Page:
I arrive at the gorgeous Omni Shoreham hotel, after a relatively smooth morning of travel.
"Ma'am, I'll upgrade you to a King room," says the reception clerk.
"Oh, but the only King room is without a view."
"Then I'd rather have a Queen, if at all possible."
She returns to the computer, does a little magic. "I have a very nice room for you. It has a view of the park, and a bay window."
I gather up my bags, stroll across the elegant lobby, and take the elevator up to the 5th floor. My room is a coveted corner room, framed by windows on two sides. The plush King bed floats along one wall of the ginormous, sunny room. I set my suitcase in the closet and note the bathrobes hanging there. This space is gorgeous. Comfortable. Posh, yet simple. Perfect.
I head to the conference, where I sit in on a "chat" with Nora Roberts, who cusses and says hilarious things, though I don't agree with everything, and (shhhh) am still not a huge fan of her particular kind of romance. But, damn, the woman is prolific and sassy and divatastic.
proclaiming my scholarly identity for all the world to see
I roll out of the center of the giant bed, throw on my yoga clothes, and head to Open City, a corner cafe-restaurant-bar, where I deviate from my daily cafe au lait for something stronger--straight up coffee with cream and sugar. It comes in a huge latte bowl, served with two animal crackers.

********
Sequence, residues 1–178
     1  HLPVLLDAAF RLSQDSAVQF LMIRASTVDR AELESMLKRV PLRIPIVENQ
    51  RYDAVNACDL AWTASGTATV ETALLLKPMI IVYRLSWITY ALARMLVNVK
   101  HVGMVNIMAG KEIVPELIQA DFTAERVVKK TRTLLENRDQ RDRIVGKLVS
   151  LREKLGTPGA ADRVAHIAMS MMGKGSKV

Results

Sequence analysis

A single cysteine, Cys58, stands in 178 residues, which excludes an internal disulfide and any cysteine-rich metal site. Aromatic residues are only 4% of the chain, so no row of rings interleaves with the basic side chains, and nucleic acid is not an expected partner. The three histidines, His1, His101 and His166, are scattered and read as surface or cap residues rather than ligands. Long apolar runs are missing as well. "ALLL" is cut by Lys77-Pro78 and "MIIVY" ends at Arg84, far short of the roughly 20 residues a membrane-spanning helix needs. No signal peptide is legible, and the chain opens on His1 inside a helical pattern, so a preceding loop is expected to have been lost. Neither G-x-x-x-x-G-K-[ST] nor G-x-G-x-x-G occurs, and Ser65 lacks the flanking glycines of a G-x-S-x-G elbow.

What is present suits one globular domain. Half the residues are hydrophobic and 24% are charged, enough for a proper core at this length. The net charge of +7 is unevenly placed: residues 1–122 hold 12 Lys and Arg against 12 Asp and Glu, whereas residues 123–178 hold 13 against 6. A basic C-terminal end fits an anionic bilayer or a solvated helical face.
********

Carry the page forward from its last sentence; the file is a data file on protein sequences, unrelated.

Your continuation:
I head back to the hotel, prepare for the day by dressing in my new linen suit, pink flowered H&M blouse, and my favorite pink shoes. I can feel my scholarly, presentationey self coming back, after a sun-drenched (and beer soaked) two months hiatus.
I sit in on a panel about using tense and point of view to craft the story, and leave after 10 minutes, during which the terms are defined and an informal quiz on said terms is given.
Instead, I go to the Borders book room, where I buy two writing craft books--Ray Bradbury's Zen in the Art of Writing and Twyla Tharp's The Creative Habit: Learn it and Use it for Life--as well as two RN's, Delicious, a historical involving food, and Seducing Mr. Darcy, a contemporary meets literary meets paranormal (which incidentally won the coveted RITA award Saturday night).
I listen to Suzanne Brockmann talk about writing romances that break social barriers--racial and sexual. I'm blown away by her passion and commitment to writing books that readers will love and will possibly be changed by.